- Sebo-psoriasis – This is a form of scalp psoriasis in which seborrheic skin dermatitis occurs along with psoriasis.
- Exfoliative psoriasis– This is a severe form of psoriasis that occurs when a person abruptly discontinues aggressive coal tar therapy, systemic steroids or PUVA treatment, and antimalarial medications.
- Palmoplantar Psoriasis – This condition affects the soles and palms.
- Psoriatic Arthropathy– This condition is marked by stiffness and inflammation of the joints.
Symptoms Of Psoriasis
The psoriasis lesion is characterized by thickened, raised, and dry skin that appears pink or red. Lesions can vary in size and appearance. They may be large, raised plaques or small bumps.
Psoriasis can affect the nails, causing irregular pits or a separation of the nail plate near its distal end. This may eventually lead to nail dystrophy.
Diagnosis Of Psoriasis
The diagnosis of psoriasis can be made by examining the skin. When the plaques of psoriasis are scraped off, the skin will show pinpoint bleeding. Auspitz’s sign is what this is. To confirm the diagnosis, a skin biopsy or scraping can be performed to rule out any other illnesses. If psoriasis is present, a positive biopsy will reveal Rete pegs that are clubbed.
Diet Recommendations For Those With Psoriasis
Foods To Eat
- Eat plenty of fresh fruits and vegetables, especially green leafy ones.
- Vegetables with anti-inflammatory properties are good for you. These include broccoli, cauliflower, Brussels sprouts, spinach kale arugula strawberries raspberries blueberries cherries, and grapes.
- Take mild laxatives if you want to avoid constipation.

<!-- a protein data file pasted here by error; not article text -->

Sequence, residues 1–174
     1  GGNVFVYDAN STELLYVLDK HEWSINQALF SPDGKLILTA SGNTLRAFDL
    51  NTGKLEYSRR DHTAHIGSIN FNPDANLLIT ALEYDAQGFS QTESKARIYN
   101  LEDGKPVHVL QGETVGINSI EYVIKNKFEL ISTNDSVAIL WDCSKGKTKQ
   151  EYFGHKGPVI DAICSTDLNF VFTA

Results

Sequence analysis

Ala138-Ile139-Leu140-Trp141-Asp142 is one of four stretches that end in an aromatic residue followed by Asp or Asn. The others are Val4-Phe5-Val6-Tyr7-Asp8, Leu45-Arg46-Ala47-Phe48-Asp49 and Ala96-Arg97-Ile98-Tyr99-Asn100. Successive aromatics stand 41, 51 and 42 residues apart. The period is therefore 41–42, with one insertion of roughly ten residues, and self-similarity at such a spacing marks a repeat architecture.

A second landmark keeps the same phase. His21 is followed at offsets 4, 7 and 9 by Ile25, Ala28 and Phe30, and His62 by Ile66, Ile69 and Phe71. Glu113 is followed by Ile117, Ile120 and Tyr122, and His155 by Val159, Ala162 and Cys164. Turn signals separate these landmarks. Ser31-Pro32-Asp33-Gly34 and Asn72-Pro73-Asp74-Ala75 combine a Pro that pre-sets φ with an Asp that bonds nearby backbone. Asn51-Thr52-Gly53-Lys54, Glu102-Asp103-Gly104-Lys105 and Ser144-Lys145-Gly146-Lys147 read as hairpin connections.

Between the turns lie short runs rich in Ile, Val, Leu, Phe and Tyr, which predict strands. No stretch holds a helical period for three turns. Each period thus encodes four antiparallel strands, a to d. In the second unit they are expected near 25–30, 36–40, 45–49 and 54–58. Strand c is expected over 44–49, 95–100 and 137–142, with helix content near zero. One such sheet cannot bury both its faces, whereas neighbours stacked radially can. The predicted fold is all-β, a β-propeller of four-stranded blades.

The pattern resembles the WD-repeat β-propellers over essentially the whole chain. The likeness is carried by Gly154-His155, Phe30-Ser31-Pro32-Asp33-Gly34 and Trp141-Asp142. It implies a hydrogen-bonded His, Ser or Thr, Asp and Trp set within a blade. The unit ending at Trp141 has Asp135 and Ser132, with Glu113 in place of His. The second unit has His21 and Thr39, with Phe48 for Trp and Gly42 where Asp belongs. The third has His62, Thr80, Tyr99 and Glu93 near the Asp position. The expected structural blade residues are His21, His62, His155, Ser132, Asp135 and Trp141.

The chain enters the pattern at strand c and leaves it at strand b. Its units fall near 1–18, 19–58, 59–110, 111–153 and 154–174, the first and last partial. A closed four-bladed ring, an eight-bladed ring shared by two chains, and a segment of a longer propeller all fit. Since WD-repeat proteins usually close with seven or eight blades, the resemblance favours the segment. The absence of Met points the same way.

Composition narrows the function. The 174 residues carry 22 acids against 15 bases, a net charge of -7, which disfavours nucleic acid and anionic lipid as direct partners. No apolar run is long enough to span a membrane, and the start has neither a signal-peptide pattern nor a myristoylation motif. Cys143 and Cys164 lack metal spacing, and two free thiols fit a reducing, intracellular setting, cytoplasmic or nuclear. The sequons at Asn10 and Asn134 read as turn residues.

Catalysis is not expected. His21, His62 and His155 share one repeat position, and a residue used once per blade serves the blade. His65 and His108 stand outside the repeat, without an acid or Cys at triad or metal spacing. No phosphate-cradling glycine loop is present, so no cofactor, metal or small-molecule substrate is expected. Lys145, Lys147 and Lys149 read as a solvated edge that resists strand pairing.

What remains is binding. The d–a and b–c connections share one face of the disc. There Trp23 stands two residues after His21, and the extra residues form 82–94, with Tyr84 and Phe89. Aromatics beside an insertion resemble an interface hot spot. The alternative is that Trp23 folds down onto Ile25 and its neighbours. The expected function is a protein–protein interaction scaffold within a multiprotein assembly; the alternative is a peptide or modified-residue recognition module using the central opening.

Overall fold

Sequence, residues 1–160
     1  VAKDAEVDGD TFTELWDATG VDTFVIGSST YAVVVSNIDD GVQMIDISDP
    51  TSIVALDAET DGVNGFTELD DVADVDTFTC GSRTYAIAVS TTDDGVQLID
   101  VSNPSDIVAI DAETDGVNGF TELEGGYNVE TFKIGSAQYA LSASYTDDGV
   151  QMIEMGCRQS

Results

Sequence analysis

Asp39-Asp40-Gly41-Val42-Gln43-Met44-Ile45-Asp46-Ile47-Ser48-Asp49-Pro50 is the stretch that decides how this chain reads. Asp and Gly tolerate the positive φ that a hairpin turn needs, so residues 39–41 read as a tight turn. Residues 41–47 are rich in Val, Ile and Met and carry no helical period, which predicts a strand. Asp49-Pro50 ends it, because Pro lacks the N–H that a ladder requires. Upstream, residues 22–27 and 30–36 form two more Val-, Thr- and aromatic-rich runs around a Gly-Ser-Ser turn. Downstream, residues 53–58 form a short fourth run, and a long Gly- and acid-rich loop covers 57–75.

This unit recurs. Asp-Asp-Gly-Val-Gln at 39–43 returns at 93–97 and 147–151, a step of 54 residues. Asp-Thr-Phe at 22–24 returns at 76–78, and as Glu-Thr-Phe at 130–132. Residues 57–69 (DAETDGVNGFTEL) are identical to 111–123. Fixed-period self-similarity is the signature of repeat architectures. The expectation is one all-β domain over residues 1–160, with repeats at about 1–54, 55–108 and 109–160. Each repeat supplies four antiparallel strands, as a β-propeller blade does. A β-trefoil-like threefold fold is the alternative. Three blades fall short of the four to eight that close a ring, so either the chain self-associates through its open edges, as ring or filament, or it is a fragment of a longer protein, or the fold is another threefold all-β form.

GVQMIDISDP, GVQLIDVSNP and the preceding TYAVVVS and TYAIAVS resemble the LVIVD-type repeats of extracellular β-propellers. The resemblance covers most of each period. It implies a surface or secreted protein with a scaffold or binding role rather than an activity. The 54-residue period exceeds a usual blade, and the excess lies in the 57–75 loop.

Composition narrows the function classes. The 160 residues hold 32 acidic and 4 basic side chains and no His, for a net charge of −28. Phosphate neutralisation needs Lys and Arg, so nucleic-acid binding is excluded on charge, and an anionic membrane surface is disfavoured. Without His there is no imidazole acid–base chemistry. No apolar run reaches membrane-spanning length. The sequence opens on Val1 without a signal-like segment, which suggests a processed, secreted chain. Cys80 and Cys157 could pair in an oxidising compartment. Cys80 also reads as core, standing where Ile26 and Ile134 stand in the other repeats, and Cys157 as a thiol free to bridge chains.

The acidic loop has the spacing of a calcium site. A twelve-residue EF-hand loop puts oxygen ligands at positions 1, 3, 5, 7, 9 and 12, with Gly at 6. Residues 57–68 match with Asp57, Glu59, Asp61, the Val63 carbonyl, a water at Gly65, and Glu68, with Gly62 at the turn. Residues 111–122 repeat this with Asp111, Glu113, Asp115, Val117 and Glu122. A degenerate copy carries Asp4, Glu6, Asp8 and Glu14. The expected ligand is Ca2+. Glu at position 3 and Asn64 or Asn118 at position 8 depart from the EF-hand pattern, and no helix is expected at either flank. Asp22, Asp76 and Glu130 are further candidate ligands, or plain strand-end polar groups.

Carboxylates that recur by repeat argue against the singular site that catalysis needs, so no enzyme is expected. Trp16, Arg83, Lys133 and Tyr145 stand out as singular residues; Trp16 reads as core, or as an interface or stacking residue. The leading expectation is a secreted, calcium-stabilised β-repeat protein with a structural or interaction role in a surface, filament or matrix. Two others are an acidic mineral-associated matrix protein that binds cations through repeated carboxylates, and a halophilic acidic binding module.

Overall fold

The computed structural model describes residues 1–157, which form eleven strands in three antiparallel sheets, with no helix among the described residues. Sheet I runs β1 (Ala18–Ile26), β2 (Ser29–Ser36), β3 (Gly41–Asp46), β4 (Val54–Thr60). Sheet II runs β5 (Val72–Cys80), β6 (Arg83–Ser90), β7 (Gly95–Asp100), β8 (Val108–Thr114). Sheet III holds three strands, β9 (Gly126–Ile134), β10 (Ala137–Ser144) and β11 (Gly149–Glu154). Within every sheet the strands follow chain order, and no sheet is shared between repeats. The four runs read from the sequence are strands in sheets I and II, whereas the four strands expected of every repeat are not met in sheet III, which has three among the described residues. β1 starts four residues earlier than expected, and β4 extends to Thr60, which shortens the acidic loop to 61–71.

- Omega-3 fatty acids are found in many foods. Salmon, both canned and fresh, trout and sardines, as well as cod, are all good sources of omega-3 fatty acids.
- Vegetable oil is also rich in omega-6 and omega-3 fatty acids. Olive oil, coconut, safflower, and flaxseed oils are among these oils.
- Vitamin D from sunlight can be beneficial to people with psoriasis. Choose foods such as eggs, milk yogurt, swiss-cheese and fish oil.
Foods for Moderate Consumption
- Eat fried and oily foods in moderation
Foods To Avoid
- Avoid eating meat, poultry, or animal flesh.
- Psoriasis can be aggravated by eating fried foods, sesame, and other heavy-digesting substances.
- Sugar can worsen inflammation.
- Avoid eating foods that are incompatible, such as milk and fish.
- Trans fats, such as the hydrogenated oils found in packaged foods and fried food can aggravate this condition.
- Avoid red meats, full-fat dairy, and other saturated fats as they can cause mild breakouts.
- Avoid junk food and fast food because they contain a lot of oil, spices, and chemicals like sodium bicarbonate.
- Gluten sensitivity is higher in people with psoriasis. It is therefore important to limit gluten-containing products such as pasta, noodles and baked goods, sauces, condiments, and beer.